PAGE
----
World Snooker chairman Barry Hearn has accused some of the sport’s fans and even a number of players of having ‘short memories’.
Hearn took to social media to make the claim on Saturday following a week of off-the-table talk and debate about the way the World Snooker tour is structured.
This was fuelled after Ronnie O’Sullivan told the world’s media during this week’s UK Championship of his plans for a “breakaway tour” after being left frustrated with the amount of tournaments in a season and the travelling that comes with it.
O’Sullivan has also criticised the flat-128 draw system of ranking events which see top players having to play in the early rounds rather than being given a bye, for example, into the last 32 stages.
And he has also suggested the way the world rankings should be changed and “averaged out” – based on performance levels within a set time period.
The world rankings are currently judged based on a player’s prize money won at every ranking event – meaning should a player choose not to play their ranking position could be affected.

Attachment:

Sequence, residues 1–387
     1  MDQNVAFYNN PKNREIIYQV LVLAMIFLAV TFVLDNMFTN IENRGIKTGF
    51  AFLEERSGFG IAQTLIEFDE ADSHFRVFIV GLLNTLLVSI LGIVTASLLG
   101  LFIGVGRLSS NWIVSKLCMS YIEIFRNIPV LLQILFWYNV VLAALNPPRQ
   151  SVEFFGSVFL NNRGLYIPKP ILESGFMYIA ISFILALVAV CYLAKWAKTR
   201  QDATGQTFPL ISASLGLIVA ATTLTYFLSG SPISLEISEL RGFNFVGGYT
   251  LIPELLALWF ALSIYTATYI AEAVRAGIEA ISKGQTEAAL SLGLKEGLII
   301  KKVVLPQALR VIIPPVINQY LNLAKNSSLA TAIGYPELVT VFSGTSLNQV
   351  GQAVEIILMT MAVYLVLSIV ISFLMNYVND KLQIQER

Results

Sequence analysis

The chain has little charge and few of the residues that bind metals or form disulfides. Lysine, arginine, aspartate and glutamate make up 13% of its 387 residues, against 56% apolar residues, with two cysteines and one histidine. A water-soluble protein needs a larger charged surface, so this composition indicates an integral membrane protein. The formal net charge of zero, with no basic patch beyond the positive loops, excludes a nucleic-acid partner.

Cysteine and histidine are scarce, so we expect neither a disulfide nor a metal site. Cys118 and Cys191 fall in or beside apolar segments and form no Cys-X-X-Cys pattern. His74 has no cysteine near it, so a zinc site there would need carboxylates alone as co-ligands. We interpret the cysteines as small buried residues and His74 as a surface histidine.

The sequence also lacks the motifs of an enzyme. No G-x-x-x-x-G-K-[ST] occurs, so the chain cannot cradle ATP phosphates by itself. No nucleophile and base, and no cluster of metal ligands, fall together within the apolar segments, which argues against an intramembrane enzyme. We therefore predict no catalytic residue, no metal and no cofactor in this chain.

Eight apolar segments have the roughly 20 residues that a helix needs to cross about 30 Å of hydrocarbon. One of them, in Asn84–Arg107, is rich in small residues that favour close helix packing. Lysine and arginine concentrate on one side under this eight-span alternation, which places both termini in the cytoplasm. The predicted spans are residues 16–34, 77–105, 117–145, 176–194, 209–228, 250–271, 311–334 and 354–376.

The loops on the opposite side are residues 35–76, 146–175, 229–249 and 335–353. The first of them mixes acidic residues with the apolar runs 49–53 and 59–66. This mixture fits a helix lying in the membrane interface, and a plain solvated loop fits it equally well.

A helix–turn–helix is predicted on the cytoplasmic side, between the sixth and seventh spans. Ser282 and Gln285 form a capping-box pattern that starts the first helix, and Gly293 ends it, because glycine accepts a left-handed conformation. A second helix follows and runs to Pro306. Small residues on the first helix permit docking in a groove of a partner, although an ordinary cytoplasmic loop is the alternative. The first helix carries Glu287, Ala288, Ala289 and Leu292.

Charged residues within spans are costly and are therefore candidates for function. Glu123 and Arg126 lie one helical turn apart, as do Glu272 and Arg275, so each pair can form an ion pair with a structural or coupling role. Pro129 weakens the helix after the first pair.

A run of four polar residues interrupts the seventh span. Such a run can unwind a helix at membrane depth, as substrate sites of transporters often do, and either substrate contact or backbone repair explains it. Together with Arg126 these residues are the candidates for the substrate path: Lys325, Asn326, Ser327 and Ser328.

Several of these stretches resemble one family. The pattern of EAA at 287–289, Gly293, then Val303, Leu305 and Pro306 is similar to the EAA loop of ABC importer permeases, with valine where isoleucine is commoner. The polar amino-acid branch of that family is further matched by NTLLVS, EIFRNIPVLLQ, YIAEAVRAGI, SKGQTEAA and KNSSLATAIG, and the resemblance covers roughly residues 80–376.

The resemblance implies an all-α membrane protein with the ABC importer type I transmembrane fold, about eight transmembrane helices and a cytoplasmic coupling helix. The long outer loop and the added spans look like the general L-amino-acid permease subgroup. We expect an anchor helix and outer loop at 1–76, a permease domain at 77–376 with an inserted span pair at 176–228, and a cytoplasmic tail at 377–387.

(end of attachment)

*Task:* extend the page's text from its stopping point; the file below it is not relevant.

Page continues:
But Hearn insists top players should have to prove they are the best by winning the early round matches – in what he calls a “level playing field”.
And in a Twitter outburst, Hearn insisted no changes would be made to ranking event formats and accused some fans and players of having “short memories”.
He tweeted: “Some Snooker fans ( and players) have short memories.
“When the top 16 were protected by seeding it rarely changed and the sport was close to dying.
“Will they never learn? Top 16 have to prove they are really the elite and that involves playing an a level playing field. NO CHANGE.”
Earlier this week The Old Green Baize reported how snooker legend Steve Davis appeared to look confused when sat next to O’Sullivan during a BBC TV interview about the “breakaway tour” plan.
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